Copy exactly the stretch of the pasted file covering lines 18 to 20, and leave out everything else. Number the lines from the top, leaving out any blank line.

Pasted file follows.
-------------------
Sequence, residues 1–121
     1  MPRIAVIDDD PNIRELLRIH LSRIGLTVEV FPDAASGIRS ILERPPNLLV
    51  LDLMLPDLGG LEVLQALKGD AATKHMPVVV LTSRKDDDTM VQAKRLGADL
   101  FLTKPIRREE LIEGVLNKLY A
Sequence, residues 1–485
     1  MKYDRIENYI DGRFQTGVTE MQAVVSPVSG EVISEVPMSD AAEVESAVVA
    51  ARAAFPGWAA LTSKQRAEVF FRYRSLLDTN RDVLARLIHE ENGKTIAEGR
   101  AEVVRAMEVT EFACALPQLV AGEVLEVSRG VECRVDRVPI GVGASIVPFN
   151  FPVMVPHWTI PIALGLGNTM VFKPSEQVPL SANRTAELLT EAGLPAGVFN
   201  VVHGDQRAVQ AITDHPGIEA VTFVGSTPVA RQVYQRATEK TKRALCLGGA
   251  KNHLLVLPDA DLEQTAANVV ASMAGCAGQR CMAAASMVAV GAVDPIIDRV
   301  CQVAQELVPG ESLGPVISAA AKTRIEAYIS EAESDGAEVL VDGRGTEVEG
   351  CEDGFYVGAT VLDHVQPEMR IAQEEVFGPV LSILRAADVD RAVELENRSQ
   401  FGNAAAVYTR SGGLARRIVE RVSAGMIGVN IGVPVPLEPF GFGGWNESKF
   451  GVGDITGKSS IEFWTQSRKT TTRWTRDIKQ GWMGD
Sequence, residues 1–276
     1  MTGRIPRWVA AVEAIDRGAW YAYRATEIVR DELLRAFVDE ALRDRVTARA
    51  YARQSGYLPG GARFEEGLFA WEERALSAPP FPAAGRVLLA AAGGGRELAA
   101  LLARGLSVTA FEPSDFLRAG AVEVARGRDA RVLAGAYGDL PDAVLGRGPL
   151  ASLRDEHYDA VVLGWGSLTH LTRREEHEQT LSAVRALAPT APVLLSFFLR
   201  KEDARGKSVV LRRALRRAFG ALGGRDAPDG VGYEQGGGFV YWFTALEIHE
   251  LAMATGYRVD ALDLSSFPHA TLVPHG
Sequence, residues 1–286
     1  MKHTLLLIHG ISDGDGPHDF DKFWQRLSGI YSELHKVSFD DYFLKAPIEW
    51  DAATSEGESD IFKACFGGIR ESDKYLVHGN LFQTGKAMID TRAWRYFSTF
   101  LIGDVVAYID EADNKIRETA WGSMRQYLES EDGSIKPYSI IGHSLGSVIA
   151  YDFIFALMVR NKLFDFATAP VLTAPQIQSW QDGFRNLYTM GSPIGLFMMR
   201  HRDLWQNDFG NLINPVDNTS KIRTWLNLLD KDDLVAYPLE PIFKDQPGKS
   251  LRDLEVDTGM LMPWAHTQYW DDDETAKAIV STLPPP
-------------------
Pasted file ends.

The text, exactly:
    51  YARQSGYLPG GARFEEGLFA WEERALSAPP FPAAGRVLLA AAGGGRELAA
   101  LLARGLSVTA FEPSDFLRAG AVEVARGRDA RVLAGAYGDL PDAVLGRGPL
   151  ASLRDEHYDA VVLGWGSLTH LTRREEHEQT LSAVRALAPT APVLLSFFLR